Her Majesty the Queen honours former Bugle Major
It has been announced in the New Years Honours List 2009 that former Bugle Major John (Johnny) Powell has been honoured with the Royal Victorian Medal (silver) for services to HM the Queen.
The notification appeared in the Daily Telegraph for 31st December 2008 and reads:
John Daniel Powell, Yeoman Bed Goer, Queen’s Body Guard of the Yeoman of the Guard
Queen Victoria established the Royal Victorian Medal in April 1896 as a reward for personal service to the Sovereign or the Royal Family, and as a mark of royal esteem. The Medal is conferred upon civilians and non-commissioned military personnel. Although the Medal is related to the Royal Victorian Order, it differs in appearance and in the way it is worn.
Recipients are permitted to use the post-nominal R.V.M
John Powell a fourth generation Powell to serve in The Rifle Brigade, he was the first to serve in The Royal Green Jackets. A Rifle Brigade cadet prior to enlisting into The Rifle Brigade Rangers TA in 1957. He joined the Regular Army in 1965 with 3rd Green Jackets, The Rifle Brigade soon to become the 3rd Battalion The Royal Green Jackets in January 1966.
He left the Battalion in 1987 becoming Head Porter at Pembroke College.Cambridge. He was called to London that year and became Yeoman John Powell, and was ‘sworn in’ in January 1988 to the Yeoman of the Queens Bodyguard of the Yeoman of the Guard. He rose through the ranks to become Yeoman Bed Hanger, and the Yeoman Bed Goer, and on 2nd December he became Divisional Sgt Major of the Bodyguard.
A short history of the Queen's Body Guard of the Yeoman of the Guard
The Queen's Body Guard of the Yeomen of the Guard are a bodyguard of the British Monarch. The oldest British military corps still in existence, it was created by Henry VII in 1485 at the Battle of Bosworth Field. As a token of this venerability, the Yeomen still wear red and gold uniforms of Tudor style. There are 60 Yeomen of the Guard (plus 6 Officers), drawn from retired members of the British Army, Royal Marines and Royal Air Force, but not the Royal Navy, because while members of the other services take oaths to the Crown, members of the Navy take an oath to the Admiralty. However, the role of the Captain of the Queen's Bodyguard of the Yeomen of the Guard is a political appointment — the Captain is always the government Deputy Chief Whip in the House of Lords.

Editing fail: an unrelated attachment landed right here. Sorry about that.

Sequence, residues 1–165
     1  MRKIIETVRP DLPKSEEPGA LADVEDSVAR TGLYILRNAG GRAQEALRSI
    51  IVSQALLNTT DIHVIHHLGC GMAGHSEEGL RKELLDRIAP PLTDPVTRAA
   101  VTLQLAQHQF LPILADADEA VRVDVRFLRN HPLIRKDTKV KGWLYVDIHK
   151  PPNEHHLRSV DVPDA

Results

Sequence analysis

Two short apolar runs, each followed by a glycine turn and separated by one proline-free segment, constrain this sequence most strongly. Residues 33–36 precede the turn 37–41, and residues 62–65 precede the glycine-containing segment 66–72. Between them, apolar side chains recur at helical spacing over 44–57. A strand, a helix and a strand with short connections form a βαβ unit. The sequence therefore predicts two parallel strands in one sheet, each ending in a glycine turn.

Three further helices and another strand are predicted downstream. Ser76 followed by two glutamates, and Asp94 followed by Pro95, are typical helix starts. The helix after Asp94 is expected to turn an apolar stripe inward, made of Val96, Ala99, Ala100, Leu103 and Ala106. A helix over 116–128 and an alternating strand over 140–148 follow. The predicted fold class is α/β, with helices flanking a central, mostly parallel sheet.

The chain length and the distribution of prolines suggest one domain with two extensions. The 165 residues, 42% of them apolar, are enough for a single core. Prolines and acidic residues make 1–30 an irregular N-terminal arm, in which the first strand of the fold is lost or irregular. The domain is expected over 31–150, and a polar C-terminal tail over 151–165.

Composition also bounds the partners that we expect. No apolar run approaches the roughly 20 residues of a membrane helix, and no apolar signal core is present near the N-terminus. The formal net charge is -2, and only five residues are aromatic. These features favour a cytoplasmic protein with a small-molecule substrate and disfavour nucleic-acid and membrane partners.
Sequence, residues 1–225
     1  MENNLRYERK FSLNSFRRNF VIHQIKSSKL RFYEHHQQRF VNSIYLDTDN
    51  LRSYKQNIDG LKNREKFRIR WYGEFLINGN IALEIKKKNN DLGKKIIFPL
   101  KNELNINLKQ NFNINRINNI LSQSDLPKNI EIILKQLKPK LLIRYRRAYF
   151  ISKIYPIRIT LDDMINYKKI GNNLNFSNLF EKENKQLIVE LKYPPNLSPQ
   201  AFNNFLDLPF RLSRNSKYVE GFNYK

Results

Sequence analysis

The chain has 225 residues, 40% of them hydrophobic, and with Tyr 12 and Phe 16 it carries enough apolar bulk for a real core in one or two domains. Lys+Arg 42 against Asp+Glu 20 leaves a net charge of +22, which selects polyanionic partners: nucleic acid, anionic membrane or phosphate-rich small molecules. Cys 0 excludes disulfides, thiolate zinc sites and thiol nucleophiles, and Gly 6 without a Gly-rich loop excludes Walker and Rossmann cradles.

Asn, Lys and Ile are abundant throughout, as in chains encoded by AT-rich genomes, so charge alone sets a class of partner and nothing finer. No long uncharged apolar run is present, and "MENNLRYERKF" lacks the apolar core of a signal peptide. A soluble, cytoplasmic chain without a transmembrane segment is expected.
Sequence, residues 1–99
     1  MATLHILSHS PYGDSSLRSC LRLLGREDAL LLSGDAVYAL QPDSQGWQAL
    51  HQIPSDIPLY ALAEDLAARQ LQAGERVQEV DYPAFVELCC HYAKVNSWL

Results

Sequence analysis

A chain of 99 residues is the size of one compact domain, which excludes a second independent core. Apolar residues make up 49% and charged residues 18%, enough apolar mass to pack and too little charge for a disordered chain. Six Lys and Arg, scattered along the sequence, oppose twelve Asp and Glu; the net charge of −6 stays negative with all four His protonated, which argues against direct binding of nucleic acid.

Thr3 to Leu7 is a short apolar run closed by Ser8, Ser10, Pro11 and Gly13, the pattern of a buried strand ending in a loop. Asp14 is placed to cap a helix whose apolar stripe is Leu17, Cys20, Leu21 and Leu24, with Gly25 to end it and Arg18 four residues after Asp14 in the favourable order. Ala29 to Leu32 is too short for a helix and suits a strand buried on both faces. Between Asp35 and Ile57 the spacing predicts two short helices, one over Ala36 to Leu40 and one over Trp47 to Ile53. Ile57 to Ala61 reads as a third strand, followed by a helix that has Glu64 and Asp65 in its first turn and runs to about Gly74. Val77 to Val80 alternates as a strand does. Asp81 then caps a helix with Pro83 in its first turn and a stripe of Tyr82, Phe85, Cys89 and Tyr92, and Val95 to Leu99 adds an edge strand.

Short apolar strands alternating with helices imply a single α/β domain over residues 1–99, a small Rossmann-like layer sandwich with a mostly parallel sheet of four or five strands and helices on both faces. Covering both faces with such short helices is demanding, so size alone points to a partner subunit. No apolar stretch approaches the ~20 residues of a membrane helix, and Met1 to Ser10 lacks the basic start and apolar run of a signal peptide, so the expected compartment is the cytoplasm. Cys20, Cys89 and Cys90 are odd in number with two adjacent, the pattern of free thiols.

The Yeomen of the Guard have a purely ceremonial role. They accompany the Sovereign at the annual Royal Maundy Service, investitures and summer Garden Parties at Buckingham Palace, and so on. However, their most famous duty is to 'ceremonially' search the cellars of the Palace of Westminster prior to the State Opening of Parliament, a tradition that dates back to the Gunpowder Plot of 1605, when Guy Fawkes attempted to blow up Parliament. (Today, officers from the Metropolitan Police carry out the actual search.)
In the eighteenth century some 40 Yeomen were on duty daily, and 20 at night. This only ceased in 1813, and thereafter only one division was required daily until about 1837. Today they are only mustered when required, and receive some three weeks duty notice in advance. They are active on some 30 occasions yearly, so each Yeoman appears for some 6–8 days a year.
All Yeomen are over 42 years of age on appointment, and under 55 years. They must be sergeants or above, but not commissioned. They must also have had at least 22 years' service and have been awarded the Long Service and Good Conduct Medal (LS&GCM). On reaching the age of 70 years they become supernumerary and no longer are called for service. There are an average of four vacancies a year, which are filled by the Lord Chamberlain, who recommends the names to the Sovereign. The average age of active members is perhaps 60 years. Yeomen are (or were) exempt jury service, received return railway warrants, and an allowance for meals and overnight accommodation where necessary.
The dress worn by the Yeomen of the Guard is in its most striking characteristics the same as it was in the Tudor period. It consists of a royal red tunic with purple facings and stripes and gold lace ornaments, together with a red cross-belt, red knee-breeches and red stockings, flat hat, and black shoes with red, white and blue rosettes are worn. The gold-embroidered emblems on the back and front of the coats consist of the crowned Tudor Rose, the shamrock and the thistle, the motto "Dieu et mon droit", and the initials of the reigning sovereign. It is the red cross-belt that distinguishes the Yeomen of the Guard from the Yeomen Warders.
The Senior Messenger Sergeant Major and Wardrobe Keeper lives in a house in St James's Palace, where he is responsible for HQ administration, and correspondence. The Messenger Sergeant Major is his deputy. There are four divisions, First, Second, Third, and Fourth. Each has a Divisional Sergeant Major, Yeoman Bed Goer, Yeoman Bed Hanger, and 13 Yeomen.
The term "Yeomen of the Guard" is frequently misapplied to the Yeomen Warders of the Tower of London, a distinct but similar body.
On 1st February 2009 we received the following message from Jenny Powell:
"I would like to thank everyone who have paid tribute to my husband John Powell both with cards and on the web site. I cannot erase the messages as it gives me great comfort and sadness to read them. My children and grandchildren loved him very much and he has left a large gap in our family. He was OC to them all, but he has left a great family who he was very proud of. My thanks to you all.